Sandy Aloisi: So the innovation to create the fund obviously will have to pass the Parliament; will that provide a hurdle at all or do you think that there’ll be a bipartisan approach to this?

Michael McCormack: Well there’s always been a bipartisan approach to droughts and I know with goodwill that that the Shadow Agriculture Minister Joel Fitzgibbon is attending today's Summit in Old Parliament House.

He has to date shown good respect and faith with the Government in our efforts to provide, so far, $1.8 billion dollars worth of assistance. But what we need to do is make sure that we get everybody on board, Opposition obviously, Crossbenchers obviously, to get this legislation through for this Future Drought Fund; but also State Premiers and that's why we've got most of them in Canberra today; their Agriculture Ministers as well.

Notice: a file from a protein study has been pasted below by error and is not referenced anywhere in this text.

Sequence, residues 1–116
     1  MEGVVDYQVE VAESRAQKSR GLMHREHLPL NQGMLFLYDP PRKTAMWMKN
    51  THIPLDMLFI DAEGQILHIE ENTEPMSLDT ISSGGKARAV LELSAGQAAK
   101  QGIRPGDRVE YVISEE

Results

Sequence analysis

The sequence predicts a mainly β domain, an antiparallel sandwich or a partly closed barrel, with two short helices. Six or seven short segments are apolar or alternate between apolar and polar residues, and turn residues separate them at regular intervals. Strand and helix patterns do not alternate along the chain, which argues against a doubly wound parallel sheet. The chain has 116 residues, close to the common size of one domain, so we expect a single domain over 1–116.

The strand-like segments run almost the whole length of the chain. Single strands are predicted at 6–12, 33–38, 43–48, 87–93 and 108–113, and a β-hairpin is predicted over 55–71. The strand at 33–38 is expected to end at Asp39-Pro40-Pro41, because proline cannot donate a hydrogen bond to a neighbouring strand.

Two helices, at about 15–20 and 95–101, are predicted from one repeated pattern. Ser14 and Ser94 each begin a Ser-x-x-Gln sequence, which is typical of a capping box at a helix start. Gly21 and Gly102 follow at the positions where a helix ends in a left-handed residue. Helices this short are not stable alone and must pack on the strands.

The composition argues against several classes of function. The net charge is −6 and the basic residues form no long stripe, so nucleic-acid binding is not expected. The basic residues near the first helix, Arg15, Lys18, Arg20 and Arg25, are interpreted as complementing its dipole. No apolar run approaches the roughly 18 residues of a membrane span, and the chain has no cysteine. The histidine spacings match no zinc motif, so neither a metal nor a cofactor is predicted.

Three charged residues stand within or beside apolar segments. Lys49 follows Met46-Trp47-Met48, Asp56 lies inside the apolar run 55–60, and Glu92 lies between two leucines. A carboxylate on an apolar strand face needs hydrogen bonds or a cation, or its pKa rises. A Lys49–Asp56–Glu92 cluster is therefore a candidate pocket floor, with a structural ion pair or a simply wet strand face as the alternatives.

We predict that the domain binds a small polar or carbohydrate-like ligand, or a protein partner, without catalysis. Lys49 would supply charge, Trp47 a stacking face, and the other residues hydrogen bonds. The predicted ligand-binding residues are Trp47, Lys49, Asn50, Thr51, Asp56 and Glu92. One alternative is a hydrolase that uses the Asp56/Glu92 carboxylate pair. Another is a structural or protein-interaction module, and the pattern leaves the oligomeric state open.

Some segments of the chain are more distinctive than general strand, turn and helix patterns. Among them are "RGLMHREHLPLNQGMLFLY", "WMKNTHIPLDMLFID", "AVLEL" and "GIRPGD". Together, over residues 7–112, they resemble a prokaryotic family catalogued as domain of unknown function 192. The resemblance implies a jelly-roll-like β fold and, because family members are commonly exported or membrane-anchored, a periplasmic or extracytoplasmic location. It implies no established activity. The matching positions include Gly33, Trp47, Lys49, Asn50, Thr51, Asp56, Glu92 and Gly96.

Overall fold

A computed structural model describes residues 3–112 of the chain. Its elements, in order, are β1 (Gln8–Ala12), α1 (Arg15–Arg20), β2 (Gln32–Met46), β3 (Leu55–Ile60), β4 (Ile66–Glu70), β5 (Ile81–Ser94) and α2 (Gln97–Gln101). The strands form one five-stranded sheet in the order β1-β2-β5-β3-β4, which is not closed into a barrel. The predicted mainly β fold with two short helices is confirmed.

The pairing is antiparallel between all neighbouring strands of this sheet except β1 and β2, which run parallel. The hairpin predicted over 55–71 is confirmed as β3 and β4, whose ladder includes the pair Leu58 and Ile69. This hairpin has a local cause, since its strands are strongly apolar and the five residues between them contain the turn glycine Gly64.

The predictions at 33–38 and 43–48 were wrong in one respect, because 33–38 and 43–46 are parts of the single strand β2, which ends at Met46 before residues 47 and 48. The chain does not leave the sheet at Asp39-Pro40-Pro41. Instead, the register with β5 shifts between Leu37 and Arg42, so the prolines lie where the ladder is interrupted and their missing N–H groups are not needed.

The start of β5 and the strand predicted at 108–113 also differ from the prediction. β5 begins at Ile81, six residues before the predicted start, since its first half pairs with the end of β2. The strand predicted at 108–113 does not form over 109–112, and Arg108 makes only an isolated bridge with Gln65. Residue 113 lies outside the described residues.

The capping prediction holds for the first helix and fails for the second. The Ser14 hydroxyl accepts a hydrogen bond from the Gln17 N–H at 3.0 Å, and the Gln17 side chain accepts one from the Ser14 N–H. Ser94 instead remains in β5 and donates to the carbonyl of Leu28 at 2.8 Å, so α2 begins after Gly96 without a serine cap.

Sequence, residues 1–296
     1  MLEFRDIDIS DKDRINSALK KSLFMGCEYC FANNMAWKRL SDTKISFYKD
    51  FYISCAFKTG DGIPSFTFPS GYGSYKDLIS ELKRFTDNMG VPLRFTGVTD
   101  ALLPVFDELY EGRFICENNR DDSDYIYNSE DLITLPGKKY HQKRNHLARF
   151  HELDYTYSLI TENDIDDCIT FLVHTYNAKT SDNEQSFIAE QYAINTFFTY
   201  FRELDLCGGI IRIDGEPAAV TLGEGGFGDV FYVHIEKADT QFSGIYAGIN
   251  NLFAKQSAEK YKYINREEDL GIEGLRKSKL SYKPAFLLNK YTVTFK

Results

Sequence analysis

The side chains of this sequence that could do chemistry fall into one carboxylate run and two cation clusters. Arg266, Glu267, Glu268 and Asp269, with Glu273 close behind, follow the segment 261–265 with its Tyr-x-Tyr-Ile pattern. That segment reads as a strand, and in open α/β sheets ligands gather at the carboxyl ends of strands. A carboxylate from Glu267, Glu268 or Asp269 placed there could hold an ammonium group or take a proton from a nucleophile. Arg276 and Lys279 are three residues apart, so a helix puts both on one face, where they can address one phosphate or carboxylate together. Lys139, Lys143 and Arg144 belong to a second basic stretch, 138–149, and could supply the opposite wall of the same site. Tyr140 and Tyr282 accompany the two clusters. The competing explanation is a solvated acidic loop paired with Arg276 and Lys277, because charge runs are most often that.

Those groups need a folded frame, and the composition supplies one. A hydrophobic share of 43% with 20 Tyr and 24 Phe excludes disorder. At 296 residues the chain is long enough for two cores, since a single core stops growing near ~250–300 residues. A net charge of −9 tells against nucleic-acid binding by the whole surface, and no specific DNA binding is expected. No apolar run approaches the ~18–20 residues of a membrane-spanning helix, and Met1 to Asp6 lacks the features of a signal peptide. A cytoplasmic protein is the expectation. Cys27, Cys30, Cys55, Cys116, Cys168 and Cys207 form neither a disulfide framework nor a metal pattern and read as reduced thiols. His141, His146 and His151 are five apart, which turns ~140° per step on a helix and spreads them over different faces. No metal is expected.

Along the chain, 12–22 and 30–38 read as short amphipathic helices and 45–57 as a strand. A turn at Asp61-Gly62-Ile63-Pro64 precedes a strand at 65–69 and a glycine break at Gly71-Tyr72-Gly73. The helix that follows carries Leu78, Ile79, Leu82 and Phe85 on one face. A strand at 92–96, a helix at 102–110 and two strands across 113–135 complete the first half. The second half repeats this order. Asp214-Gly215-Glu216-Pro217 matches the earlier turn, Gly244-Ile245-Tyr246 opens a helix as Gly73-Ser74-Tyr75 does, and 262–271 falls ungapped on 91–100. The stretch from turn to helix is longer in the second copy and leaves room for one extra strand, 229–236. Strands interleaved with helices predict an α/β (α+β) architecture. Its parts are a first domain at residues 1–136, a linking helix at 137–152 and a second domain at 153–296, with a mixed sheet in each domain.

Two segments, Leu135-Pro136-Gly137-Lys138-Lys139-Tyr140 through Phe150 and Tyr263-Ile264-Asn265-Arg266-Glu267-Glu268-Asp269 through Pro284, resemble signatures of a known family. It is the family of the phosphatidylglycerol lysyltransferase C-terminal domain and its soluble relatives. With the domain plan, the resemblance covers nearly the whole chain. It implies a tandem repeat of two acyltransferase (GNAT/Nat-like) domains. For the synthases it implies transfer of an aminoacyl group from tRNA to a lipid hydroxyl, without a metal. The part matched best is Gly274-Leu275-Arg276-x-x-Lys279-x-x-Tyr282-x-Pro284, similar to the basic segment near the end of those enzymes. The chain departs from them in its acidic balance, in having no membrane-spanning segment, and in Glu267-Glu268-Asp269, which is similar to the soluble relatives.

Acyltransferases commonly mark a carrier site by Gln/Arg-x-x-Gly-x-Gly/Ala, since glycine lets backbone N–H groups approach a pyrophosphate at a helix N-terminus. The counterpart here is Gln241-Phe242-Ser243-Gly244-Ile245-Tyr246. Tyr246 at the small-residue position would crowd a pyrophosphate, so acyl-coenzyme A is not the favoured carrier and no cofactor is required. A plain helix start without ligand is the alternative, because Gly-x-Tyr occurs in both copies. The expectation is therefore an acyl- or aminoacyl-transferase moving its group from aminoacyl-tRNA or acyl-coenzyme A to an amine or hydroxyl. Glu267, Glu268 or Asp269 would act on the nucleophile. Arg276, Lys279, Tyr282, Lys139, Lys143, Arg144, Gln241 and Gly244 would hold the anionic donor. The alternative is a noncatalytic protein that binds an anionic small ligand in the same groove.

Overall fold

But not only that, Bureau of Meteorology, National Farmers Federation - it's going to be an important discussion today. We need to take all of these stakeholders, both the political and at the agriculture sector level,  on the journey with us to make sure that everybody is singing from the same hymn sheet and we all have the future of our agriculture community in mind.

I’m pleased that despite the downturn in the number of crops, that agriculture is still going to be a $60 billion output this year. The farming sector is certainly still going okay. But many of our farmers along the New South Wales, Queensland, Victoria and eastern states, but also South Australia, now are doing it tough. Thankfully, Tasmania and Western Australia are doing alright.